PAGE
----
The route to freedom taken by Bormann was not exactly that of other SS escapees. His clandestine departure from Germany had been calculated according to his special needs by Mueller, with SS men in civilian clothes positioned all along the way. They were the advance lookouts, sworn to the protection of their Party Minister, the duly appointed successor to Adolf Hitler. At no time in his trek between Munich and Genoa was Bormann out of sight of the finest riflemen the Waffen SS had developed in six years of war. They manned the safe houses, they skied the ridges overlooking the valleys to be traversed by Bormann, and they were chopping wood or hiking deep in the pine forests as the two trudged on toward safety. The paths followed by other SS members on the ODESSA route always led toward the Austrian Tirol; the precise route into Italy de­pended on the time of year and the pattern of search being conducted by Allied patrols at any particular time. Once in Genoa, the flow of former SS comrades was directed toward the harbor, where they would board boats of various descriptions. When a captain had a full consignment, he would lift anchor on his chartered boat and head for the Straits of Gibraltar. Once through the British bastion he changed course and steamed slowly along the Portuguese coast, rounding the north­west part of the Iberian peninsula at Cape Ortegal, at last dropping anchor in the beautiful harbor of San Sebastian, where his cargo of SS emigrants would file ashore. It was a short voy­age, which was repeated by many vessels many, many times, for the flow of SS men was seemingly unending. General Mueller had a second major escape route, which took some of the pressure off the above described course. ODESSA had the notoriety and the spotlight of sorts, also the status of a commercial self-liquidating corporation, but another version of this underground railway ran across France and over the Pyr­enees. It was referred to as Deutsche Hilfsverein-German Re­lief Organization-and, although it had been set up hurriedly in 1945, it performed an enormously valuable service for the SS men who traversed it. It was not self-liquidating like ODESSA, and the money to run it came directly from SS funds, a source separate from that controlled directly by Bormann, although SS and party money sent to South America had been melded into one solid treasure and the bank accounts that required Bor­mann's approval at a later date produced friction between Bormann and Mueller, for in times to come distribution of money was a prime matter on the NSDAP agenda in South America.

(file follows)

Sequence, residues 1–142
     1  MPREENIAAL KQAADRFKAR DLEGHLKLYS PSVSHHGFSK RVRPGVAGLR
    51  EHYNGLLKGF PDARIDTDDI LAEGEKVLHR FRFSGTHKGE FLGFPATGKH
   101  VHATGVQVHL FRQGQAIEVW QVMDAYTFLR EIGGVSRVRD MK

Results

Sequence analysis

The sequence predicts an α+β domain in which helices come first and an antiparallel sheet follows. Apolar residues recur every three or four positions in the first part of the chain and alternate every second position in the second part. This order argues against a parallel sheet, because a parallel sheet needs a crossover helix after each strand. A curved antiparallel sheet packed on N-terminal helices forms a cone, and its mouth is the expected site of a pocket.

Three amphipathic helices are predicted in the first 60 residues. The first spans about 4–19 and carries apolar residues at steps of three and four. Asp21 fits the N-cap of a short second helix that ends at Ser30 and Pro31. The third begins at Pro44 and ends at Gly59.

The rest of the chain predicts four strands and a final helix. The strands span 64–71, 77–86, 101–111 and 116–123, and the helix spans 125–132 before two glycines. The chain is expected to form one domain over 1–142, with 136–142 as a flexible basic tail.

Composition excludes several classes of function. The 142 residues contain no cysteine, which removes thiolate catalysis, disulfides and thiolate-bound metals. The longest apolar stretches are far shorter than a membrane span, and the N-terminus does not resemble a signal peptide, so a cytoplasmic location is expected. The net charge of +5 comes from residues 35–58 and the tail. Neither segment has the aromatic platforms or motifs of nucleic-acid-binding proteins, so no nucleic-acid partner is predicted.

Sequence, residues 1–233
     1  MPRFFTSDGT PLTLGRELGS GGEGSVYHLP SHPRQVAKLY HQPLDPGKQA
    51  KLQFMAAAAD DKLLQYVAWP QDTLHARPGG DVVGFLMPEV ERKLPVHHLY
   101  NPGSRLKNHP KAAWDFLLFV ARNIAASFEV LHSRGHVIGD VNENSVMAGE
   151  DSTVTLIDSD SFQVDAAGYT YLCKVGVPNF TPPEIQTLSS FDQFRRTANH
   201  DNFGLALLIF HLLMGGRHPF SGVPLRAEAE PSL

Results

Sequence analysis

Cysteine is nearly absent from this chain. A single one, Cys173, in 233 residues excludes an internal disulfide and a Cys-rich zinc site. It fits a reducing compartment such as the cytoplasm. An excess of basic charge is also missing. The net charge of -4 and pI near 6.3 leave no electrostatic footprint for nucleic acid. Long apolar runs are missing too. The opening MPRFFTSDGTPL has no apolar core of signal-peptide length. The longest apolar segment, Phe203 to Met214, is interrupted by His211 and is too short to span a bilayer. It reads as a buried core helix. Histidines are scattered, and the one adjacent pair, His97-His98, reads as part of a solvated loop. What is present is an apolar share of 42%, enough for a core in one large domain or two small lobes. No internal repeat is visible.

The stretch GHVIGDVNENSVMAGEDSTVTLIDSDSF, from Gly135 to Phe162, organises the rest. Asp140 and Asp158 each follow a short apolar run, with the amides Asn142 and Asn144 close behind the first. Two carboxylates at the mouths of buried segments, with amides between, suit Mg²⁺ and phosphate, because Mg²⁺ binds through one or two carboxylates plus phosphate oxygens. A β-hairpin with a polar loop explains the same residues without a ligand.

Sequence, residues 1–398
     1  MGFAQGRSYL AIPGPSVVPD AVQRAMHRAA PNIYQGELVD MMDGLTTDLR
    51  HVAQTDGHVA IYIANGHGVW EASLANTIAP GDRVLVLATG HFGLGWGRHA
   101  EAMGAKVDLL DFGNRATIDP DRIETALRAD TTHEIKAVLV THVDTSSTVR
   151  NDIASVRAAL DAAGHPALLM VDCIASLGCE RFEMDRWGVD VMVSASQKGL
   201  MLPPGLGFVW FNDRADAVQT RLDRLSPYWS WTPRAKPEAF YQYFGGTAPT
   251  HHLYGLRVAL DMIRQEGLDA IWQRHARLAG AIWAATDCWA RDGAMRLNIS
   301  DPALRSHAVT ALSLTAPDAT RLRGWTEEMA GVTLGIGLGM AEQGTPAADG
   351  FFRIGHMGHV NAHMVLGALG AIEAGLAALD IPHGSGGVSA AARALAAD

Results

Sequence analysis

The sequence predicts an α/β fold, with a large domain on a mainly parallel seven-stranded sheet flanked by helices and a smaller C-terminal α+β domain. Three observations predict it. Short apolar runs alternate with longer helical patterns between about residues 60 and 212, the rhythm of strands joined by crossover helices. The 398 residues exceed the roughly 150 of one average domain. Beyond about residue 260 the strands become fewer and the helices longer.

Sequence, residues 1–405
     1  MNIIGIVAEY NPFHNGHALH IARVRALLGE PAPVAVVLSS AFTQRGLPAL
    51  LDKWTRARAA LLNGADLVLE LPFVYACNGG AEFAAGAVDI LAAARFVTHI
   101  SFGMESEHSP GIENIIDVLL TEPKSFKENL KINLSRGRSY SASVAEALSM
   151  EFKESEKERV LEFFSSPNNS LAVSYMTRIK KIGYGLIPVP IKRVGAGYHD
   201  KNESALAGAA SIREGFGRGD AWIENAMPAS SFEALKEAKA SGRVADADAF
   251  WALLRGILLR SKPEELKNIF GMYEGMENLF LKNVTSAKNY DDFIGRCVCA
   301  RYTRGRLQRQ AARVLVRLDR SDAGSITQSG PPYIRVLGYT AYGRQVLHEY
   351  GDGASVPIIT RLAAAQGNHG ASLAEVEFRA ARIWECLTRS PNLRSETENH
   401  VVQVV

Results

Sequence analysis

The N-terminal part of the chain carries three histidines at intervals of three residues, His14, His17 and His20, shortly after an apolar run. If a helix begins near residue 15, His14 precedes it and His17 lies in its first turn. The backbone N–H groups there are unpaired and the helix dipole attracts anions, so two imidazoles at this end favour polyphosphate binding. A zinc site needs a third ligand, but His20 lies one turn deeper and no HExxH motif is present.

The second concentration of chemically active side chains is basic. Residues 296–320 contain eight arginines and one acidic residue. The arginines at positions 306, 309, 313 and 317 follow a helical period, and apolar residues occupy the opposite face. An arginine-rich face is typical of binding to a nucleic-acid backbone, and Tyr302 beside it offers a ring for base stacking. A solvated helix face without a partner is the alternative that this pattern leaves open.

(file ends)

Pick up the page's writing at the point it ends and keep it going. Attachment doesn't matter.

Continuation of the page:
With the war in Europe at an end, the struggle for Indochina flared up, and the French began recruiting unemployed German soldiers for their armies in the land later to be known as Viet­nam. In the chaos of 1945 the only negotiable skill many a German ex-soldier had was training in warfare. The French were in the market for that, and set up recruiting stations in Metz for their Foreign Legion. Former German soldiers flocked to sign up for a stretch of soldiering in French Indochina. The situation was exactly right for General Mueller and his associ­ates. They intermingled their SS veterans with the ordinary Wehrmacht recruits; thus, on every French truck headed south in convoy were many SS men. All had new papers provided by the SS documentation section, and now they also carried French enlistment papers that enabled them to cross France with im­punity. The truck convoys would go to Bordeaux or Marseilles, depending on French shipping conditions, the ultimate destina­tion being North Africa, where training would begin. However, once in either of the French port cities, the SS men would skip away from the truck convoys and be guided by French police­men to a new departure point. These were the police who had worked during four years of occupation for Mueller and the Gestapo and they were still loyal, particularly so when the effort expended was minimal and the under-the-table pay was high. If a Foreign Legion truck convoy was destined for Bordeaux, the SS men would be guided over the Pyrenees, and through coastal towns to San Sebastian. If the destination, on the other hand, was Marseilles, they would be placed aboard small fishing boats that would round the Iberian peninsula and land them at San Sebastian, the terminal point for both ODESSA and Deutsche Hilfsverein. Here they waited for the next stage of their move­ment, which was overland to the small port of Vigo on the northwest coast of Spain, due west of Redondela. It was an emotional sight for SS men awaiting departure to see on the horizon the appearance of the chartered transatlantic freighters that were to bear them to exile in Buenos Aires. Ten thousand SS officers and soldiers passed along this way. But the number of Germans who went to South America, both along these two routes and by less organized means after Martin Bormann had declared his flight capital program in August 1944, totaled 60,000, including scientists and administrators at all levels, as well as the former SS soldiers commanded by General Mueller.